A 21-year veteran of the Philadelphia Police Department has admitted to fabricating a story about being shot by a Black man, but his reasons for doing so remain unclear, according to media reports.

On April 5, Sgt. Robert Ralston radioed that he’d been shot by a Black in a predominantly Black neighborhood in West Philadelphia. The 46-year-old told investigators that a gun had been pointed at his head, but he knocked the gun away and he was just grazed in the shoulder. He then said that he returned fire, hitting the mystery man in the chest, but no blood was found at the scene and no victim turned up at the hospital.

The Philadelphia Police Department began an exhaustive search for the suspect that morning. The incident even brought SWAT teams out to look for the phantom suspect. When Ralston went to the Hospital for treatment, he found top police officials there, including Commissioner Charles H. Ramsey.

As the investigation began however, Ralston’s story fell apart. Gunpowder on his shirt matched that of his service weapon, he made mistakes describing the layout of the area and detectives surmised that he’d been shot at point-blank range, contradicting what he told police.

After hours of questioning, Ralston finally confessed to shooting himself on May 11.

“The community has supported this city’s police officers through so much, every time we lose an officer,” John McNesby, president of the Fraternal Order of Police Lodge 5 in Philadelphia, told the Philadelphia Inquirer. “To have something like this come along that could possibly tear that down is a disgrace.”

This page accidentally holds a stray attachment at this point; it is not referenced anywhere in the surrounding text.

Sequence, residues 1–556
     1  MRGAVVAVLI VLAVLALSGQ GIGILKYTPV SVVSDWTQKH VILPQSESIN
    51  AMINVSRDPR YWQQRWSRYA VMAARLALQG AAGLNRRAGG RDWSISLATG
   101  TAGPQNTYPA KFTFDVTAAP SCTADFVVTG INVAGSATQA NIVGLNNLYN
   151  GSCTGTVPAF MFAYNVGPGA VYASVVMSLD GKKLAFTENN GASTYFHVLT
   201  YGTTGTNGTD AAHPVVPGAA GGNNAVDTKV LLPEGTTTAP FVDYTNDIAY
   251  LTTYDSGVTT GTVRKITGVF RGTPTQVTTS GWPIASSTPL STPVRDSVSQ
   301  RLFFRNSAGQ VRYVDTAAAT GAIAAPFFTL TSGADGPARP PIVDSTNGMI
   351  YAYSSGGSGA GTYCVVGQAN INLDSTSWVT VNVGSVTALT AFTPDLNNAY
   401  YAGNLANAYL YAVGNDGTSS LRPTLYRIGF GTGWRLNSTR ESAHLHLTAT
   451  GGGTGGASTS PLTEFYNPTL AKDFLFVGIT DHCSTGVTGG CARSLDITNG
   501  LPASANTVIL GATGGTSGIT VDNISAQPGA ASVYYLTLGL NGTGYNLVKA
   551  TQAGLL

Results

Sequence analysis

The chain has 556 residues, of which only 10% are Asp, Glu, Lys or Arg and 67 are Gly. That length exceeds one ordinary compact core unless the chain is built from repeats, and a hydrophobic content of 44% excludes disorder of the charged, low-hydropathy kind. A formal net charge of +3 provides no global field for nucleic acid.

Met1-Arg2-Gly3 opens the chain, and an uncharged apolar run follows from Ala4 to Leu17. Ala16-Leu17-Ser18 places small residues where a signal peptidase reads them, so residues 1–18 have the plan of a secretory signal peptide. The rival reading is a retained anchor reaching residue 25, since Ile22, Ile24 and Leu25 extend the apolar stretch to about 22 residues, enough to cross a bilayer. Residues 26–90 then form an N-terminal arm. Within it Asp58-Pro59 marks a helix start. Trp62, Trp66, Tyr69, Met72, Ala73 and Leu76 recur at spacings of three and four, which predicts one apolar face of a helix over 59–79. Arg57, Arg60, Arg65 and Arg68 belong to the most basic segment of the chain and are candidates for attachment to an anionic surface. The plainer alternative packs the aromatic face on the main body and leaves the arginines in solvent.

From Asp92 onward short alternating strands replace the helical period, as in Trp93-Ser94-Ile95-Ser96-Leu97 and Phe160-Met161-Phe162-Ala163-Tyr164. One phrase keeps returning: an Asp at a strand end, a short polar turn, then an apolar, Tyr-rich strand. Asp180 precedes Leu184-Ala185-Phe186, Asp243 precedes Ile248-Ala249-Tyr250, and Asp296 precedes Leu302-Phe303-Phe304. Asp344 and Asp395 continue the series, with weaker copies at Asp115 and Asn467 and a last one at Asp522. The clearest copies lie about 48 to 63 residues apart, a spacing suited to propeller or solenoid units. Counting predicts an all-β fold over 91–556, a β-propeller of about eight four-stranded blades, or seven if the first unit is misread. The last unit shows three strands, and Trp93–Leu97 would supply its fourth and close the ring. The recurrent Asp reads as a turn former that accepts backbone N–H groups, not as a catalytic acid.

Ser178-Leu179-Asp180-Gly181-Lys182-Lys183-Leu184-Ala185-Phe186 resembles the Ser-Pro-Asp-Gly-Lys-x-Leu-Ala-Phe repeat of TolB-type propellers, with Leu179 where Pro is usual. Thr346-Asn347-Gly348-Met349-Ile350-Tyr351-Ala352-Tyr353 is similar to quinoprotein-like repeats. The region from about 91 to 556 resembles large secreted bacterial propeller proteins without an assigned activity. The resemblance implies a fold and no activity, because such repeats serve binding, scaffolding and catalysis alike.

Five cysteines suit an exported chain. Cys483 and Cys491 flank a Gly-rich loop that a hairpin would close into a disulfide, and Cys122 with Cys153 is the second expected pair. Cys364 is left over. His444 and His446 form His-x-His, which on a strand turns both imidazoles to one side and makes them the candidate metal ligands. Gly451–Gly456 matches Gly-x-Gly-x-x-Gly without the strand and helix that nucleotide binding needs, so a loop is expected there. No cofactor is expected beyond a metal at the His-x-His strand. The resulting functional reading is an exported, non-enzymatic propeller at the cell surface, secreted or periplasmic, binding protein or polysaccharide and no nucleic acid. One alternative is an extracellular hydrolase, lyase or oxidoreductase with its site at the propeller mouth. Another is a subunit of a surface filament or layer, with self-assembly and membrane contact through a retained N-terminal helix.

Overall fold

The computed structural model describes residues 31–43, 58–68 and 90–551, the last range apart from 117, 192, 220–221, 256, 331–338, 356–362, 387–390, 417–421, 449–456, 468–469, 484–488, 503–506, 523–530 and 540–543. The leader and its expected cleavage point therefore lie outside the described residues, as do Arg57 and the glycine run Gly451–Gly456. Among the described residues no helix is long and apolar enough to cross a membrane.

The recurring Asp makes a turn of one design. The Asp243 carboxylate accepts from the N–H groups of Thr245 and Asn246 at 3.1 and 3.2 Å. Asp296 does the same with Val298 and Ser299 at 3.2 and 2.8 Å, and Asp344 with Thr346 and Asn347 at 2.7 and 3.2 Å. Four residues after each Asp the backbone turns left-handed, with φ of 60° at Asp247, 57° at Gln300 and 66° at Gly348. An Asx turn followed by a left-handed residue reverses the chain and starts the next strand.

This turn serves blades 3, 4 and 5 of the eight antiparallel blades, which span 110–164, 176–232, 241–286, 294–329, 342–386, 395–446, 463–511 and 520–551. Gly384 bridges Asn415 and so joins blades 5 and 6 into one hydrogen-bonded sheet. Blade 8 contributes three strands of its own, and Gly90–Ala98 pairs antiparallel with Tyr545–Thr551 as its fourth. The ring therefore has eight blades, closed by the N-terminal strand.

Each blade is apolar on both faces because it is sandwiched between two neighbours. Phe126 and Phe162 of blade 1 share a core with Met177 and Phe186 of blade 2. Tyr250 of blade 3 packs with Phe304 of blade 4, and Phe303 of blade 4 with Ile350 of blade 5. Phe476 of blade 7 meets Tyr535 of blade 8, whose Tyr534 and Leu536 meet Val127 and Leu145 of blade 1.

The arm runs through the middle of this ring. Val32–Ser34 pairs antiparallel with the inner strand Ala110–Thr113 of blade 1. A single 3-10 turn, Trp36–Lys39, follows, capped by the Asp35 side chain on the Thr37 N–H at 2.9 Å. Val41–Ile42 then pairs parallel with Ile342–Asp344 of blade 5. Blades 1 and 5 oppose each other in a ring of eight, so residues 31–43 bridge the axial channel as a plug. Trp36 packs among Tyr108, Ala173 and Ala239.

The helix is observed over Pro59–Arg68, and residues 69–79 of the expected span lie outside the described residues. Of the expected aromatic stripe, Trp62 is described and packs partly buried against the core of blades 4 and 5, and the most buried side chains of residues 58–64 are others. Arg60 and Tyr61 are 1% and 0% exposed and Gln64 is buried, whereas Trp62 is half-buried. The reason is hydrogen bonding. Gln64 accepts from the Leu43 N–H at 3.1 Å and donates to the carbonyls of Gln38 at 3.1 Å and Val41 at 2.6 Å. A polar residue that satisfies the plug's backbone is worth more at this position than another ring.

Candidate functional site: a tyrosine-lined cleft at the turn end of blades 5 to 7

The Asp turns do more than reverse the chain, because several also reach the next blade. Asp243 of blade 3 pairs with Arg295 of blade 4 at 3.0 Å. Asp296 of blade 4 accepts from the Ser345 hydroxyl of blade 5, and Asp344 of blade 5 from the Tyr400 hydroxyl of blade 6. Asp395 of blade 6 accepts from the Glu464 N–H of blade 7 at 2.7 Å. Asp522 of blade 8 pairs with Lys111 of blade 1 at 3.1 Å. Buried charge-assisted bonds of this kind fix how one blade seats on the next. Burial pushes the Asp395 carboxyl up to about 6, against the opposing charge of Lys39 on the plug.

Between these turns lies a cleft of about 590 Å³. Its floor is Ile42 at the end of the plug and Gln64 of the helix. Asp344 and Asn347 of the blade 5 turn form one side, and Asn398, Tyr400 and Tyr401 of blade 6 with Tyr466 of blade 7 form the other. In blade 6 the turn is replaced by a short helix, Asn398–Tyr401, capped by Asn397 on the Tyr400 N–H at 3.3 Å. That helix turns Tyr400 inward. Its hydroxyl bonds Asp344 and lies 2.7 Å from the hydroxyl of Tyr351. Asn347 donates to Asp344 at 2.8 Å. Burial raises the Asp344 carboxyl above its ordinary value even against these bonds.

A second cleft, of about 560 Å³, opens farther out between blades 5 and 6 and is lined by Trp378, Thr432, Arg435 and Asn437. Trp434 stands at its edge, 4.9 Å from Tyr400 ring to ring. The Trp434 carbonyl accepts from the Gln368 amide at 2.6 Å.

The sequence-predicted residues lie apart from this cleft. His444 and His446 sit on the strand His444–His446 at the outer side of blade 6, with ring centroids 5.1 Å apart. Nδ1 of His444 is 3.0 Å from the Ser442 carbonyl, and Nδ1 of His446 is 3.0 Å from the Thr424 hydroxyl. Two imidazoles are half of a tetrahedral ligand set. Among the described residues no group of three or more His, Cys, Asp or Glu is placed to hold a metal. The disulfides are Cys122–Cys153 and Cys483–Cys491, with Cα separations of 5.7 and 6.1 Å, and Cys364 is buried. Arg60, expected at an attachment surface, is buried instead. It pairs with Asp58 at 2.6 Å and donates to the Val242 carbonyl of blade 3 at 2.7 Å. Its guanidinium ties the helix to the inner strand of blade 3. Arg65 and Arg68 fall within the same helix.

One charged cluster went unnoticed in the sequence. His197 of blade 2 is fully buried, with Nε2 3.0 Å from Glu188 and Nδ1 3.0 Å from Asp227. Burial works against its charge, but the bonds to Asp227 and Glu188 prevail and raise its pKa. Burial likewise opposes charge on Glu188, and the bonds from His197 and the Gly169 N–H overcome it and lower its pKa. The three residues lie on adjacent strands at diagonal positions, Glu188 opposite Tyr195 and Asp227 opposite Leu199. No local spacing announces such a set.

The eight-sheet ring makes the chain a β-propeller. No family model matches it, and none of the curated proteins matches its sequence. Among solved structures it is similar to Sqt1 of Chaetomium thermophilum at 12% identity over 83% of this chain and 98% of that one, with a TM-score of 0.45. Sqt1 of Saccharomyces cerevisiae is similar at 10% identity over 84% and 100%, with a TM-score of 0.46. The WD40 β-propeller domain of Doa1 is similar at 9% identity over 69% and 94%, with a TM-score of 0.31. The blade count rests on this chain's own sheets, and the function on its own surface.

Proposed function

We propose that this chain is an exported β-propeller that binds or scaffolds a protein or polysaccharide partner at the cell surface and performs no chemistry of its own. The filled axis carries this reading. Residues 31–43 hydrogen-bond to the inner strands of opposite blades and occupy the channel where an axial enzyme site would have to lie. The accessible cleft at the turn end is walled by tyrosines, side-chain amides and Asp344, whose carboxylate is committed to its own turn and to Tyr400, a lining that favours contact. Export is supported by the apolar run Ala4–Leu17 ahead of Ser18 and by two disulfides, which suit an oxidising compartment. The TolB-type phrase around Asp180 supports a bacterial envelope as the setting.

It is still unknown why Ralston shot himself and fabricated the story, but it’s clear why he chose an African-American male as the culprit.

“He wanted the story to be consistent with the environment he was in,” Ramsey told the AP. “I am troubled by this whole situation. He violated the trust the people have in him.”

Ralston has been suspended from the force and is expected to be dismissed, but will not face criminal charges because he was offered immunity from prosecution in exchange for his confession, according to the Inquirer. Because he will not be charged, he may still be eligible to receive a yearly pension, and one city official told the paper that the officer could collect as much as $24,000 annually. However, part of those funds may be used to recoup the costs of the investigation and manhunt.